CesiumAstro raises $60 million in Series B funding round

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SAN FRANCISCO – CesiumAstro Inc. raised $60 million in a Series B funding round led by Airbus Ventures and Forever Ventures. L3Harris Technologies also participated in the round alongside existing CesiumAstro investors: Kleiner Perkins, Lavrock Ventures, Franklin Templeton Blackhorse Fund and Heico Corp., an aerospace and electronics company based in Hollywood, Florida.

Austin, Texas-based CesiumAstro has raised nearly $90 million since it was founded in 2017 to develop and manufacture active phased array communications payloads for satellites and airborne platforms.

With the latest funding, CesiumAstro plans to expand manufacturing operations, establish offices and accelerate development of satellites built in-house, Shey Sabripour, CesiumAstro founder and CEO, told SpaceNews. “CesiumAstro will accelerate the growth of its core research, development and rapid manufacturing capabilities, and expand its facilities both domestically and abroad,” he added.

CesiumAstro is preparing to open offices in Washington, Germany and El Segundo, California. The company already has facilities in Austin and Broomfield, Colorado.

El Segundo is “rich with aerospace talent” thanks to the presence of prime contractors, aerospace suppliers and the U.S. Space Force Space Systems Command, Sabripour said. Another benefit of El Segundo is its proximity to existing and potential customers, he added.

CesiumAstro’s German office is designed to establish the company’s European presence.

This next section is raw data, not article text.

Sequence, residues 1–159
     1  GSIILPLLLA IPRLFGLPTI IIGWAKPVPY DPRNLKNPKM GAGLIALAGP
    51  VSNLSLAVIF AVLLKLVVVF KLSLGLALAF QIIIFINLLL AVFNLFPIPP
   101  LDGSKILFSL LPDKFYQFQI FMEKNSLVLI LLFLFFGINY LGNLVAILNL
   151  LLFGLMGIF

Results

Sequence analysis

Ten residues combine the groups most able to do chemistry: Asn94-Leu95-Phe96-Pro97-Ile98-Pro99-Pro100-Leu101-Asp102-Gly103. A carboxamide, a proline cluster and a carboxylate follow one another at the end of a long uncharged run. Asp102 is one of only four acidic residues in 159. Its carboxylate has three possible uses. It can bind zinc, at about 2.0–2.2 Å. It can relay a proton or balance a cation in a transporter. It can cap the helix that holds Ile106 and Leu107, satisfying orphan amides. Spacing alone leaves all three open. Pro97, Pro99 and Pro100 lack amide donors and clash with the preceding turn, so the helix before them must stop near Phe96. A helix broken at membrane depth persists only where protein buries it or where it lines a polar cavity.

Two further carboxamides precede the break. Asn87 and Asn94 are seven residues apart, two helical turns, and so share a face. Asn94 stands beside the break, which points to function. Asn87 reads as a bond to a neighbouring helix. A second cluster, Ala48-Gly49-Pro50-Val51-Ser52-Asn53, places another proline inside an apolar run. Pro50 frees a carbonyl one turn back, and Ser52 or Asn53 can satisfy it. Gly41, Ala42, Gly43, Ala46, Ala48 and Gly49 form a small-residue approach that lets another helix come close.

“There’s a new set of commercial customers that are interested in our products for applications such as in-flight connectivity, both for traditional aircraft as well as for new air taxis,” Sabripour said. In addition, CesiumAstro anticipates demand from manufacturers of autonomous vehicles that are likely to be rely on satellite communications to maintain connectivity.

While it would be easier to manage the startup with the majority of employees working in the same facility, “it’s a very competitive market,” Sabripour said. “You have to go where the talent is.”

Currently, CesiumAstro employs about 80 people. Within the next 12 to 18 months, the company plans to double its staff as it expands its product line. CesiumAstro’s currently offers L-band, S-band, X-band, Ku-band and Ka-band payloads. In the future, the startup plans to offer additional frequencies including V-band and Q-band.

At the same time, CesiumAstro is developing its own 150- to 180-kilogram satellite as it strives to become vertically integrated.

CesiumAstro attempted to test communications payloads on two cubesats launched in September on a United Launch Alliance Atlas 5 rocket alongside the NASA-U.S. Geological Survey Landsat 9 mission. Unfortunately, both cubesats experienced what Sabripour thinks were power failures that precluded demonstrations the company planned. Sabripour declined to name the cubesat manufacturer.

“Airbus Ventures is proud to be co-leading this round, alongside the force-multiplying capabilities of the Forever Ventures team,” Thomas d’Halluin, Airbus Ventures managing partner, said in a statement.

Wen Hsieh, Kleiner Perkins partner, said in a statement, “CesiumAstro’s full-stack system is critical to enabling higher connectivity speeds within our evolving aerial and space communications infrastructure. Its high-resiliency improves security, streamlines airline connectivity offerings, and enhances internet access in rural and over-crowded areas.”

Christopher E. Kubasik, L3Harris vice chair and CEO, said in a statement that the company’s investment in CesiumAstro was a reflection of its “strategy of partnering across industry to rapidly develop advanced multi-domain solutions that address our customers’ critical needs.”